Tell us about yourself:
I graduated high school with plans of joining the armed forces, but I got a scholarship to join a different team. I signed a scholarship to run track at Pennsylvania State University. When I got to new student orientation, I was informed as a D1 athlete whose team is in the top 25, won Big Tens the past three years, and whose coaches had big plans for you, options were few. I changed majors a few times won a few Big Ten championships and then joined the greatest team in the world, the U.S. Army.
What prompted you to return to school?
I returned to school as soon as I could. Joining the Army gave me options to get back in the civilian classroom. I wasn’t able to do nursing the first time around because I had a busy schedule. I knew it was my calling to help people and assist them to function at the best of their abilities. After college, I needed a career in something that would support me professionally and financially. I went back to the drawing board, and all of the signs lead to nursing. Through research, I found that I could obtain my Bachelor’s of Science in Nursing degree in less than two years. I learned there were several routes to the same ending, but I needed an end that leads to a brighter future.
Why did you choose Duquesne University School of Nursing?
I chose Duquesne University because not only can I become a nurse in less than two years I can become a nurse in three semesters. It became more attractive when I found out as a veteran I would have mentors and coaches at my disposal. That within a team there was a smaller team working to ensure my success. I felt more comfortable going with Duquesne University.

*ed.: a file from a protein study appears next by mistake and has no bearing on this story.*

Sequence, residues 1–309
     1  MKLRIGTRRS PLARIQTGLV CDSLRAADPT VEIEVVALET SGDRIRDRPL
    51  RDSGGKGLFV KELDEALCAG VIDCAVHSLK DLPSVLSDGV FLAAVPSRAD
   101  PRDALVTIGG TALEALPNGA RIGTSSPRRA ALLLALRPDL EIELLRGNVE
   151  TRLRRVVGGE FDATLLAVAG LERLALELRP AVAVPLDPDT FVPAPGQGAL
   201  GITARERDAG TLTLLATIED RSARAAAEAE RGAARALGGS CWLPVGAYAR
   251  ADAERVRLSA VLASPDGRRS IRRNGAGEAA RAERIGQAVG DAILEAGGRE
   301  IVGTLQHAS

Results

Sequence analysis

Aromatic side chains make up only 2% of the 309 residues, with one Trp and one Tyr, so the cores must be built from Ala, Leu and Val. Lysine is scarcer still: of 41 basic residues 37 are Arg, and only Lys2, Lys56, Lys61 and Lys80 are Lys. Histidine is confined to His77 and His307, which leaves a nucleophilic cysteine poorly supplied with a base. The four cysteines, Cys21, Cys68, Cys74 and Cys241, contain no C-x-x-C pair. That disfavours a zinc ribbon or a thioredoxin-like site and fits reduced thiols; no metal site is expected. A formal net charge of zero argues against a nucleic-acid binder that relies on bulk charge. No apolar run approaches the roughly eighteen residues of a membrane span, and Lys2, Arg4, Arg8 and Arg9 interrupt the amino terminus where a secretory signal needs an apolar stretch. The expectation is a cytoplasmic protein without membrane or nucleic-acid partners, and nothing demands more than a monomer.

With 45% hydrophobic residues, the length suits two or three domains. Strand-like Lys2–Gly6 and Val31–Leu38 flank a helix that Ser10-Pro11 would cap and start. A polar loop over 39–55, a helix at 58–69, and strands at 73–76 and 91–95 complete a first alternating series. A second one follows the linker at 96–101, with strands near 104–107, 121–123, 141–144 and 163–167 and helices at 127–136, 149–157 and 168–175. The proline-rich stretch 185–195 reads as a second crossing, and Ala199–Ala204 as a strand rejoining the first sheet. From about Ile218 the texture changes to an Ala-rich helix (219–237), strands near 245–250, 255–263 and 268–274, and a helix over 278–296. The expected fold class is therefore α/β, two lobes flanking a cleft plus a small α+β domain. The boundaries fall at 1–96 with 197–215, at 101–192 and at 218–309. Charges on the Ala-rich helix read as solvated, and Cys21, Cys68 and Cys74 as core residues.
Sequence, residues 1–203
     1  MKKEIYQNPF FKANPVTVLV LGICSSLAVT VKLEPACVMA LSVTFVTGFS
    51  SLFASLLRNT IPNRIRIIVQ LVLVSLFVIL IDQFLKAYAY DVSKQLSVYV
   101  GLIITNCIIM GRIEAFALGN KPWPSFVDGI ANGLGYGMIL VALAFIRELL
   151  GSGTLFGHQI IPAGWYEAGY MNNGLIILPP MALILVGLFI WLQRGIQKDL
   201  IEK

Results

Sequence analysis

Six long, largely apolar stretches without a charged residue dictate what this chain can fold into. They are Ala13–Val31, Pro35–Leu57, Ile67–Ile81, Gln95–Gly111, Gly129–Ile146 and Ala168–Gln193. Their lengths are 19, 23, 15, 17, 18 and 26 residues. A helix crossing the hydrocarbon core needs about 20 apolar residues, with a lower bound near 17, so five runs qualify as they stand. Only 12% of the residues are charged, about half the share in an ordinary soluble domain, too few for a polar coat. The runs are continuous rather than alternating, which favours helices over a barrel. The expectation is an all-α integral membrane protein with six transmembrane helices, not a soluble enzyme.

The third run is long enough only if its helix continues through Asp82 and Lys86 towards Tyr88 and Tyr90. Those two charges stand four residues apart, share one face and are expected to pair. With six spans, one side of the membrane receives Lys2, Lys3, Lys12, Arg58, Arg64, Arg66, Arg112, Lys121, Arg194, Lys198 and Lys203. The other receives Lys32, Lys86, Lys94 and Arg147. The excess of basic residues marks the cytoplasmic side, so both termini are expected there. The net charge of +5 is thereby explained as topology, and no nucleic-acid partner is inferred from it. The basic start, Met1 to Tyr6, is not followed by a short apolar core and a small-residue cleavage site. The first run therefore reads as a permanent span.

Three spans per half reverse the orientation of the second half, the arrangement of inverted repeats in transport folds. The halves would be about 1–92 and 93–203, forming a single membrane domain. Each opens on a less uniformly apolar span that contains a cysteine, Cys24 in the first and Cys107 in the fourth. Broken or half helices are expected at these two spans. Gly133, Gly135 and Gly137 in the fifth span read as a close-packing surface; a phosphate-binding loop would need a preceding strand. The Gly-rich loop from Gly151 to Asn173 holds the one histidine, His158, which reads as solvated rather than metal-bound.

What military education benefits, such as the GI Bill, did you use?
I currently use the GI Bill and PA-EAP as an educational benefit.
What has your experience been like as a student?
I get encouraging emails and updates from my academic coach. There is an open line of honest communication that gives me a comfort in my academic endeavor that someone else is as invested in my education as I am.
What challenges did you have adjusting to campus culture after military life?
As a National Guardsmen, it wasn’t too hard to transition into campus life. Lectures are structured, and we move from class to class as a unit or stay put in one classroom for two lectures. A wide range of learning strategies is used to keep one engaged during lectures.
Do you believe your military experience has made you a better student?
My military experience has shaped me to become a better student. I pride myself in my attention to detail. It has become second nature to be at the place, the right time in the correct uniform.
What advice do you have for veterans returning to school?
My advice to veterans returning to school is to look for a place where they accept you as a member of a team. Look for a place that has an open line of honest communication. Go with your gut instinct it’s always right.